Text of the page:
Make your butter last longer with these quick tips.
A good quality butter is an important ingredient to have on hand. In fact I use it in the preparation of every meal.
It is rich, smooth and creamy with a touch of sweetness and a wonderfully unique flavour. This easy whipped butter is wonderful on warmed bread. It also combines well with other ingredients such as this Porcini & Garlic Compound Butter on grilled meats and vegetables.
Cooking with butter
Not only is butter delicious as a condiment, it is incredibly versatile, and plays an important part in various cooking techniques from baking and roasting, to sauces and sautéing.
As it contains a minimum of 80% fat, butter is perfect for adding moisture, developing texture, and absorbing flavours from other fat soluble ingredients such as spices, herbs, vanilla, etc.
Cook’s Tip: The higher the fat content in butter, the more flavourful it will be.
In short, butter adds complexity and greatly enhances the flavour and texture of a dish, like no other ingredient. Butter can take a dish to a whole other level.
Try these butter-y recipes
Storing butter at room temperature
Salted butter contains just under 2% salt which acts as a preservative. Store in a closed container to minimize exposure to air, and it will keep at room temperature in a cool kitchen (below 70℉/20℃), for up to two weeks.
It will remain soft and easy to spread, which is useful for the breakfast table, making sandwiches, and many baking recipes.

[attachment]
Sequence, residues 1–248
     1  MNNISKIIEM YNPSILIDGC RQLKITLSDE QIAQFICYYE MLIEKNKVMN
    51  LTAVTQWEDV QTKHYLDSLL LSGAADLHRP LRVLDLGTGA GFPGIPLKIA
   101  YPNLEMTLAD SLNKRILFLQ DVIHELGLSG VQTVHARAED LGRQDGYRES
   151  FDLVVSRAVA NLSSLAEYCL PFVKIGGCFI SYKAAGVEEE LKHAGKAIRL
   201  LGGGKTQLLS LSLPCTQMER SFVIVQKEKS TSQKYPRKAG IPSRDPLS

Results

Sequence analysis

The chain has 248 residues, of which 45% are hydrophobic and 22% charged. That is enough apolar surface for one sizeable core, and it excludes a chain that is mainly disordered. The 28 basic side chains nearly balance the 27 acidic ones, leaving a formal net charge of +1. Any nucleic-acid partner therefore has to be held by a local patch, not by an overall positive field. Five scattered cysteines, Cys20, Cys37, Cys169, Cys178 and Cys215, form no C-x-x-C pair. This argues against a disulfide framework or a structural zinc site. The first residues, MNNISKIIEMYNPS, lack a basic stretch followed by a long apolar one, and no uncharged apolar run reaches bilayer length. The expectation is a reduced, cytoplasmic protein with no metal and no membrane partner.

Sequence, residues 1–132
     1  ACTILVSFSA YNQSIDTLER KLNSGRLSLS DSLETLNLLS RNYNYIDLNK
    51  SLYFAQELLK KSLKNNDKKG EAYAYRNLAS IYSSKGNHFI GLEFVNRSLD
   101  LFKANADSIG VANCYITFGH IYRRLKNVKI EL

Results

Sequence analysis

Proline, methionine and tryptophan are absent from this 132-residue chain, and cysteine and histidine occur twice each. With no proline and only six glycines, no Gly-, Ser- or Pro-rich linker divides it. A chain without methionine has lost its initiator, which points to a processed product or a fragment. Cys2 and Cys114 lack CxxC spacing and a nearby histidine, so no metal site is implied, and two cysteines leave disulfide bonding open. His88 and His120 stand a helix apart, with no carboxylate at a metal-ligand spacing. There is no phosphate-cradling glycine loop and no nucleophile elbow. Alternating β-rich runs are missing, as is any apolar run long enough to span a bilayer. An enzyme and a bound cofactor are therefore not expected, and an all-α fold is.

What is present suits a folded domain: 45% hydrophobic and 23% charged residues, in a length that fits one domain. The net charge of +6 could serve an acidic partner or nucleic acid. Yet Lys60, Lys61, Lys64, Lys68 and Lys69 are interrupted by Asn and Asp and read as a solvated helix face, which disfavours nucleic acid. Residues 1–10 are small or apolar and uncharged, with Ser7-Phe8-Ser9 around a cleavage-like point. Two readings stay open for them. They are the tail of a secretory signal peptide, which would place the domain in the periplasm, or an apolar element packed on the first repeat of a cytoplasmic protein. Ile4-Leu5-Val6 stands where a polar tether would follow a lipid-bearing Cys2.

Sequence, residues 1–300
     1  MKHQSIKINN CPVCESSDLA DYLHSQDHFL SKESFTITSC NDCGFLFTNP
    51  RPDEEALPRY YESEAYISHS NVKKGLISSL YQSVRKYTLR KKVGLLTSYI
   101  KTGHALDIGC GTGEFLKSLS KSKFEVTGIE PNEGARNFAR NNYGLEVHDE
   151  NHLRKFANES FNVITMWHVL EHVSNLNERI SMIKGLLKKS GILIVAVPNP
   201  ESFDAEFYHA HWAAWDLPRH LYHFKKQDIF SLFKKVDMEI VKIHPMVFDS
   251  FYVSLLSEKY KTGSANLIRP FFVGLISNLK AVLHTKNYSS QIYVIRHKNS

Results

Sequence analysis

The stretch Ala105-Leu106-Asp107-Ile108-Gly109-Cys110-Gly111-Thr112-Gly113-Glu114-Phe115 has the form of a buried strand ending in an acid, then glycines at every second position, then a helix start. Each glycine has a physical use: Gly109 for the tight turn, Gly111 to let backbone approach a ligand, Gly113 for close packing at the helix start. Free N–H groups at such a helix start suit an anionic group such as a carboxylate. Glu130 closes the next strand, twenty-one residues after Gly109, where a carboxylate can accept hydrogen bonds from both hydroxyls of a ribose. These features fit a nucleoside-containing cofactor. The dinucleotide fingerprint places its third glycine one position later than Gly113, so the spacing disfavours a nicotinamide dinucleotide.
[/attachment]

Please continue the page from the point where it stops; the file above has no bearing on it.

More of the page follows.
Unsalted and whipped butter should not be left out of the fridge for more than a few hours as it will spoil and taste/smell rancid.
In the fridge
According to the USDA, butter will stay fresh in the fridge for up to 4 months. Keep it in an airtight container and away from other strong smelling foods.
Can you freeze butter?
Butter freezes very well if properly wrapped. I always keep a couple of packets in my freezer so I don’t run out.
Salted butter will keep for up to 12 months and unsalted, for up to 6 months. During freezing there is always a degree of moisture loss, so storing for longer could affect the taste, smell and texture.
To freeze, place the butter with its original packaging into a ziploc bag, to prevent freezer burn, and make a note of the date of freezing.
A useful tip is to freeze butter in measured quantities for certain recipes. To do this, remove the butter from the original packaging and slice into required amounts. Then wrap in plastic wrap or wax paper, place into a ziploc bag and label it.
Frozen butter can be used directly in some recipes such as sautéing. For this, it can be sliced or grated.
Defrost butter in the fridge the day before you need it, or leave it on the worktop for several hours (depending on the quantity of frozen butter and the room temperature).
Can you re-freeze butter?
This depends on how long it was initially frozen for and how it was handled after the initial defrosting.
If the butter was frozen for many months, its moisture levels will have decreased, so it will not have a great flavour after the second defrosting. Salted butter may taste even saltier as more moisture is lost.
If the butter has been contaminated with other food or on handling, it could harbour bacteria and should not be refrozen.
Cultured butter contains bacteria and cannot be refrozen.